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Evidence for Baseline Retinal Pigment Epithelium Pathology in the Trp1-Cre Mouse

  • Aristomenis Thanos
    Affiliations
    Retina Service, Angiogenesis Laboratory, Massachusetts Eye and Ear Infirmary, Department of Ophthalmology, Harvard Medical School, Boston, Massachusetts
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  • Yuki Morizane
    Affiliations
    Retina Service, Angiogenesis Laboratory, Massachusetts Eye and Ear Infirmary, Department of Ophthalmology, Harvard Medical School, Boston, Massachusetts
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  • Yusuke Murakami
    Affiliations
    Retina Service, Angiogenesis Laboratory, Massachusetts Eye and Ear Infirmary, Department of Ophthalmology, Harvard Medical School, Boston, Massachusetts
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  • Andrea Giani
    Affiliations
    Retina Service, Angiogenesis Laboratory, Massachusetts Eye and Ear Infirmary, Department of Ophthalmology, Harvard Medical School, Boston, Massachusetts
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  • Dimosthenis Mantopoulos
    Affiliations
    Retina Service, Angiogenesis Laboratory, Massachusetts Eye and Ear Infirmary, Department of Ophthalmology, Harvard Medical School, Boston, Massachusetts
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  • Maki Kayama
    Affiliations
    Retina Service, Angiogenesis Laboratory, Massachusetts Eye and Ear Infirmary, Department of Ophthalmology, Harvard Medical School, Boston, Massachusetts
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  • Mi In Roh
    Affiliations
    Retina Service, Angiogenesis Laboratory, Massachusetts Eye and Ear Infirmary, Department of Ophthalmology, Harvard Medical School, Boston, Massachusetts
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  • Norman Michaud
    Affiliations
    Retina Service, Angiogenesis Laboratory, Massachusetts Eye and Ear Infirmary, Department of Ophthalmology, Harvard Medical School, Boston, Massachusetts
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  • Basil Pawlyk
    Affiliations
    Berman-Gund Laboratory For the Study of Retinal Degenerations, Massachusetts Eye and Ear Infirmary, Department of Ophthalmology, Harvard Medical School, Boston, Massachusetts
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  • Michael Sandberg
    Affiliations
    Berman-Gund Laboratory For the Study of Retinal Degenerations, Massachusetts Eye and Ear Infirmary, Department of Ophthalmology, Harvard Medical School, Boston, Massachusetts
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  • Lucy H. Young
    Affiliations
    Retina Service, Angiogenesis Laboratory, Massachusetts Eye and Ear Infirmary, Department of Ophthalmology, Harvard Medical School, Boston, Massachusetts
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  • Joan W. Miller
    Affiliations
    Retina Service, Angiogenesis Laboratory, Massachusetts Eye and Ear Infirmary, Department of Ophthalmology, Harvard Medical School, Boston, Massachusetts
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  • Demetrios G. Vavvas
    Correspondence
    Address reprint requests to Demetrios G. Vavvas, M.D., Ph.D., Retina Service, Angiogenesis Laboratory, Massachusetts Eye and Ear Infirmary, Harvard Medical School, 243 Charles St., Boston, MA, 02114
    Affiliations
    Retina Service, Angiogenesis Laboratory, Massachusetts Eye and Ear Infirmary, Department of Ophthalmology, Harvard Medical School, Boston, Massachusetts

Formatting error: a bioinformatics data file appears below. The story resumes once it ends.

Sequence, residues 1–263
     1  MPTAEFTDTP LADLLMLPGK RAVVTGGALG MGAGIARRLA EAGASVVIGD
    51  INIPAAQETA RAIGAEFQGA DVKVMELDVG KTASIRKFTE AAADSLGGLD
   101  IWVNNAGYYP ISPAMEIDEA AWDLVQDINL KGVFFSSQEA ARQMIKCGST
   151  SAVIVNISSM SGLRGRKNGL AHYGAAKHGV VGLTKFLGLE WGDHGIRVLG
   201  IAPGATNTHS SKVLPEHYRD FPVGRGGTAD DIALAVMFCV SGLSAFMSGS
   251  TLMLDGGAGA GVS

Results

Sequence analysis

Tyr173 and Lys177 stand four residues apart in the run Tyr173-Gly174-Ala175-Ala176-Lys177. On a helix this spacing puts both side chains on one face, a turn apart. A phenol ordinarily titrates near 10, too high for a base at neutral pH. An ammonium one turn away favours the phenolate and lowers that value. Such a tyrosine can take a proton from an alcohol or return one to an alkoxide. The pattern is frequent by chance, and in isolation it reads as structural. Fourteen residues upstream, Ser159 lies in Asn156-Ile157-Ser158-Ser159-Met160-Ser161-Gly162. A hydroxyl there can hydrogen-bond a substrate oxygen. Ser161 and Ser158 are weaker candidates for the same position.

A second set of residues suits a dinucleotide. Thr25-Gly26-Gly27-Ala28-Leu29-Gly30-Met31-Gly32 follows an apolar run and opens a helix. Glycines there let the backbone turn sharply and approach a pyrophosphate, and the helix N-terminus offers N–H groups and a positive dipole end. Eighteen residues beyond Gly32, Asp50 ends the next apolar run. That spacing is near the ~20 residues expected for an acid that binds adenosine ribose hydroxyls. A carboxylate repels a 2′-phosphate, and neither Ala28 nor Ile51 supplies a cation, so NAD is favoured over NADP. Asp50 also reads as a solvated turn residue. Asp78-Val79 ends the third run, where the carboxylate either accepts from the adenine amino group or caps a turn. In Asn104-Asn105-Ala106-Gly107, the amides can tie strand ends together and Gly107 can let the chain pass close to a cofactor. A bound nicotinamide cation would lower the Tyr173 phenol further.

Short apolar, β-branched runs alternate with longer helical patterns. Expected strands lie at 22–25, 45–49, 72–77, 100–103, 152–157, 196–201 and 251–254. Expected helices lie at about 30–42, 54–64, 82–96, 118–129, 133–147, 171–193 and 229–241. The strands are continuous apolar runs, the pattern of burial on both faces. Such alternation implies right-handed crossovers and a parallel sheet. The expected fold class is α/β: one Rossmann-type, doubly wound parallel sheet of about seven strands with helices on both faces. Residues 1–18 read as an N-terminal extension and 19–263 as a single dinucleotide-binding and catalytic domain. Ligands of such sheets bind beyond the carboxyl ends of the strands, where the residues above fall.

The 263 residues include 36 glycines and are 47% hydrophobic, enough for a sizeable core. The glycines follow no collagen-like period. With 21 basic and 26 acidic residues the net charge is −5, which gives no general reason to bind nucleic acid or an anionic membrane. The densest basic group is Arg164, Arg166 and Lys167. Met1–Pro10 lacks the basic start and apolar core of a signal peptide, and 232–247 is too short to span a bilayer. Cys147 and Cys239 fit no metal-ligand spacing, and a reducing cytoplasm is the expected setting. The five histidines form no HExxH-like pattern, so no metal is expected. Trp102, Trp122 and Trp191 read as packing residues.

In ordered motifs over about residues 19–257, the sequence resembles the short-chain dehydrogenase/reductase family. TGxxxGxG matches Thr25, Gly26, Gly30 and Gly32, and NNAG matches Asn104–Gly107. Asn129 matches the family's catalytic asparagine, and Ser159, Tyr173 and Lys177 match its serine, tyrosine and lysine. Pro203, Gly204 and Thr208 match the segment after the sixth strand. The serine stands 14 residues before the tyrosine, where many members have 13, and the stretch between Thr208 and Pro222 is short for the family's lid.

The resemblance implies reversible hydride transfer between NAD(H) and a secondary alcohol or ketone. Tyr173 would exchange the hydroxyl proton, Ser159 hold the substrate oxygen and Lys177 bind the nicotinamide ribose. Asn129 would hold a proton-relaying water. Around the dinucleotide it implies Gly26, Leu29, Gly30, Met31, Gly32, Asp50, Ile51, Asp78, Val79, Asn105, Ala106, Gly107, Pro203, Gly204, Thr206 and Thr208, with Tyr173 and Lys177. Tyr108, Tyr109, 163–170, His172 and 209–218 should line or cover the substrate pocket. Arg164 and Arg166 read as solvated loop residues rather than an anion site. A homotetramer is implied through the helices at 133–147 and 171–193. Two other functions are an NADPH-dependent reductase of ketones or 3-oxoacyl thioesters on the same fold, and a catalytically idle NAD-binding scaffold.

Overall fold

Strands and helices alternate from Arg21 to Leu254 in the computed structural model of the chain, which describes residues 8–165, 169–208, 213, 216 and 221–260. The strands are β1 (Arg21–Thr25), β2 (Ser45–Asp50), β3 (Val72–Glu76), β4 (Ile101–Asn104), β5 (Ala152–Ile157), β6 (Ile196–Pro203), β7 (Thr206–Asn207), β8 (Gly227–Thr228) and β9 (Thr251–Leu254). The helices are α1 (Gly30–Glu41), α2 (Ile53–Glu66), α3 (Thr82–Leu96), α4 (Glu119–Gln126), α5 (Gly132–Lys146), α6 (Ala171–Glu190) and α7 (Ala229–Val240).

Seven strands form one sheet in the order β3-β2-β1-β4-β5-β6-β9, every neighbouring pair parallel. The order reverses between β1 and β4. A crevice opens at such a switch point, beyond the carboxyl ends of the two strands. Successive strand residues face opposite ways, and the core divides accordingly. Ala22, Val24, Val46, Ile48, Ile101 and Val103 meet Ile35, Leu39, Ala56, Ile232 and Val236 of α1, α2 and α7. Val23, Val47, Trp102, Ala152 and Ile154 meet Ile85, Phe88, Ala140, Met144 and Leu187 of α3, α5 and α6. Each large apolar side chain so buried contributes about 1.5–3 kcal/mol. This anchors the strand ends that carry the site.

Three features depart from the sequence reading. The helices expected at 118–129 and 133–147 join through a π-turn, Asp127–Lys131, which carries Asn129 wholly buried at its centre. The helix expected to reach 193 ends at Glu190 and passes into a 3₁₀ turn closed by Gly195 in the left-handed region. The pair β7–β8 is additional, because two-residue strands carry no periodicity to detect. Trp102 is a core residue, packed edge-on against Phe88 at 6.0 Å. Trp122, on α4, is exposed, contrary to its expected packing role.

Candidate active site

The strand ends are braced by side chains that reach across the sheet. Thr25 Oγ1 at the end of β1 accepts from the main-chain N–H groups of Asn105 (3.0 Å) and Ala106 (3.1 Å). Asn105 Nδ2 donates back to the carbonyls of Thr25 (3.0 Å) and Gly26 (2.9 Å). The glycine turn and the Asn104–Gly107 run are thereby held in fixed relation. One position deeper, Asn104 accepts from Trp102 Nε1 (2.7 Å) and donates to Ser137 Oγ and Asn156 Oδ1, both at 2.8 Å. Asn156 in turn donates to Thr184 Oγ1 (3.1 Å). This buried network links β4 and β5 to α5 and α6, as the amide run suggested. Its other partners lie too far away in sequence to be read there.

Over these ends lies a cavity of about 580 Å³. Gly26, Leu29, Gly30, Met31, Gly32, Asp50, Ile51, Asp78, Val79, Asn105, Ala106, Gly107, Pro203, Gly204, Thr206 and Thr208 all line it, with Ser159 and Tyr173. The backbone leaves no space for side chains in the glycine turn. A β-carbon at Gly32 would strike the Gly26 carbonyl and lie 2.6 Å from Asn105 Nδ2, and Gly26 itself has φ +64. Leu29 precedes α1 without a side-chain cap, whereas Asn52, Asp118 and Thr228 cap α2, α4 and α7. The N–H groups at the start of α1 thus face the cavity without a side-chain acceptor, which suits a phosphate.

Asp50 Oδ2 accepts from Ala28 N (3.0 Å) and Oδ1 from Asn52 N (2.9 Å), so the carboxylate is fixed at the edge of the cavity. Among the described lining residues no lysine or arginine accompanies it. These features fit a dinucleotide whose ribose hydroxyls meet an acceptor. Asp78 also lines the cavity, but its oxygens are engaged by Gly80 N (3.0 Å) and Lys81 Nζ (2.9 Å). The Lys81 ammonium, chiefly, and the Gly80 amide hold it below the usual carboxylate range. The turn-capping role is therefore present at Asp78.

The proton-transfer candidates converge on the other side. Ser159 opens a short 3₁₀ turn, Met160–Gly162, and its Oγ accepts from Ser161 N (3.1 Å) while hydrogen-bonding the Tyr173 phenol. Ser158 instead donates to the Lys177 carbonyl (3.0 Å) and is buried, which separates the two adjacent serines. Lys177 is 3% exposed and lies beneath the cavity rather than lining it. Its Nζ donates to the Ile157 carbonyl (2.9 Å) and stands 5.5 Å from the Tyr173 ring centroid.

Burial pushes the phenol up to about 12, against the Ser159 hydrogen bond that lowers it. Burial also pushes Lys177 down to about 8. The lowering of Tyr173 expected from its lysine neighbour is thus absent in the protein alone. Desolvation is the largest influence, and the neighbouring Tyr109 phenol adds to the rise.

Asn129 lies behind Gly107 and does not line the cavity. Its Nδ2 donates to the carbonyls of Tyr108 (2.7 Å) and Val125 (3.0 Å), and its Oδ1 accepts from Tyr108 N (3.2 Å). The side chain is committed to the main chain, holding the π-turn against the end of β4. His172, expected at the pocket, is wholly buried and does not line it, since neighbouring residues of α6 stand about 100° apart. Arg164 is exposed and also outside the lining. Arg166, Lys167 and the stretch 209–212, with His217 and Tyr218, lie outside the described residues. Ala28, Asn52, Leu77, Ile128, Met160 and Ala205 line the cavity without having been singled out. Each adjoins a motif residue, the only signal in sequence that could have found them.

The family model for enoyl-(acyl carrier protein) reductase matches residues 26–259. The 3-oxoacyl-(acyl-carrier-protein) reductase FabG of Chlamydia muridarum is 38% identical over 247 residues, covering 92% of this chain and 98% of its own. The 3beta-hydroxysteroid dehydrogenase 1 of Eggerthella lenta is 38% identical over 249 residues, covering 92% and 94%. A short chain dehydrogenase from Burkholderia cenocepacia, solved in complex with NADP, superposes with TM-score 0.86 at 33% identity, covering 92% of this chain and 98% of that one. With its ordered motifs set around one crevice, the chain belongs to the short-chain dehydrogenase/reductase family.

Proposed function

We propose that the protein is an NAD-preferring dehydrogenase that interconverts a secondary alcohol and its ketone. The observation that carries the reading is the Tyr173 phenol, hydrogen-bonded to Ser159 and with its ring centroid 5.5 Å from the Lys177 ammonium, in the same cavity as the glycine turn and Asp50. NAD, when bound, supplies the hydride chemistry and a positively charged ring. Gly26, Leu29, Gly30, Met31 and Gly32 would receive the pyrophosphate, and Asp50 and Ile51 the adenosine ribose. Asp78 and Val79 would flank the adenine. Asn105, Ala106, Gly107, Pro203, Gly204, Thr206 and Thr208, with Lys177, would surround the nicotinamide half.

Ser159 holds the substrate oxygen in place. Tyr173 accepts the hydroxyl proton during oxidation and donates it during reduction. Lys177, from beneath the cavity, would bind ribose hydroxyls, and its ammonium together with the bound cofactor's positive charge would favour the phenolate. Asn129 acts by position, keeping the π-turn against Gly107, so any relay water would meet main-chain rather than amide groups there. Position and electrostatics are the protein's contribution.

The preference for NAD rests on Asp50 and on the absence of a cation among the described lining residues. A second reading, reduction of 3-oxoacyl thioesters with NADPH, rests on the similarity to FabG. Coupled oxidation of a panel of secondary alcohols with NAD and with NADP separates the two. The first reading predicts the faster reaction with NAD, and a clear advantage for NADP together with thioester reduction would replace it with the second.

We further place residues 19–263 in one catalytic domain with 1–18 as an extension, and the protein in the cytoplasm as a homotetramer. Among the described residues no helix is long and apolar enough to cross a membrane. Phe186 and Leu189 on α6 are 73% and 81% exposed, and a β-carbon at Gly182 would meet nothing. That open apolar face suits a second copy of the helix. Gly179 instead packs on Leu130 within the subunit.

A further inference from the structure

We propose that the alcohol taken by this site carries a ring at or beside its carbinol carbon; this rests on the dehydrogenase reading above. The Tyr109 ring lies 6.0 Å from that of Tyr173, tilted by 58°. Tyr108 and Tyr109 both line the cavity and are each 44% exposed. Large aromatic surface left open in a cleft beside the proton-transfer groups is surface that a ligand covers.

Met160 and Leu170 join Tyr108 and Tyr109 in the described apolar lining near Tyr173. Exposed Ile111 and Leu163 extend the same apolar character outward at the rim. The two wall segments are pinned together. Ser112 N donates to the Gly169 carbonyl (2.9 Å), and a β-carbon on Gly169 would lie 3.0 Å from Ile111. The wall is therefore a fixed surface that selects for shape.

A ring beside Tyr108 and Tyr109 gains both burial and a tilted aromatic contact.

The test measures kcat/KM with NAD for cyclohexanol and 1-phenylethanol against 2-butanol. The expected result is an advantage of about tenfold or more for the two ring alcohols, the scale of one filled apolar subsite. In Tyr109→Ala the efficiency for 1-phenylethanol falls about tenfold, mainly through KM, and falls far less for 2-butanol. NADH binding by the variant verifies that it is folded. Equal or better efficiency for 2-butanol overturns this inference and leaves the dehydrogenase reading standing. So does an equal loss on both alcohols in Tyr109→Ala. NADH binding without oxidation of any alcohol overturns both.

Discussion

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Open AccessPublished:March 19, 2012DOI:https://doi.org/10.1016/j.ajpath.2012.01.017
      The increasing popularity of the Cre/loxP recombination system has led to the generation of numerous transgenic mouse lines in which Cre recombinase is expressed under the control of organ- or cell-specific promoters. Alterations in retinal pigment epithelium (RPE), a multifunctional cell monolayer that separates the retinal photoreceptors from the choroid, are prevalent in the pathogenesis of a number of ocular disorders, including age-related macular degeneration. To date, six transgenic mouse lines have been developed that target Cre to the RPE under the control of various gene promoters. However, multiple lines of evidence indicate that high levels of Cre expression can be toxic to mammalian cells. In this study, we report that in the Trp1-Cre mouse, a commonly used transgenic Cre strain for RPE gene function studies, Cre recombinase expression alone leads to RPE dysfunction and concomitant disorganization of RPE layer morphology, large areas of RPE atrophy, retinal photoreceptor dysfunction, and microglial cell activation in the affected areas. The phenotype described herein is similar to previously published reports of conditional gene knockouts that used the Trp1-Cre mouse, suggesting that Cre toxicity alone could account for some of the reported phenotypes and highlighting the importance of the inclusion of Cre-expressing mice as controls in conditional gene targeting studies.
      The retinal pigment epithelium (RPE) is a multifunctional, cuboidal monolayer of cells that separates the retinal photoreceptors from the choroid. The RPE is an essential component of the vertebrate retina and performs diverse functions, including the formation of the outer blood retinal barrier, the phagocytosis of photoreceptor outer disk segments, and the regeneration of 11-cis retinal for the visual cycle.
      • Zinn K.M.
      • Benjamin-Henkind J.V.
      Anatomy of the human retinal pigment epithelium The Retinal Pigment Epithelium.
      • Strauss O.
      The retinal pigment epithelium in visual function.
      Dysfunction of the RPE has been linked with a variety of ocular disorders, including age-related macular degeneration and retinitis pigmentosa, among others.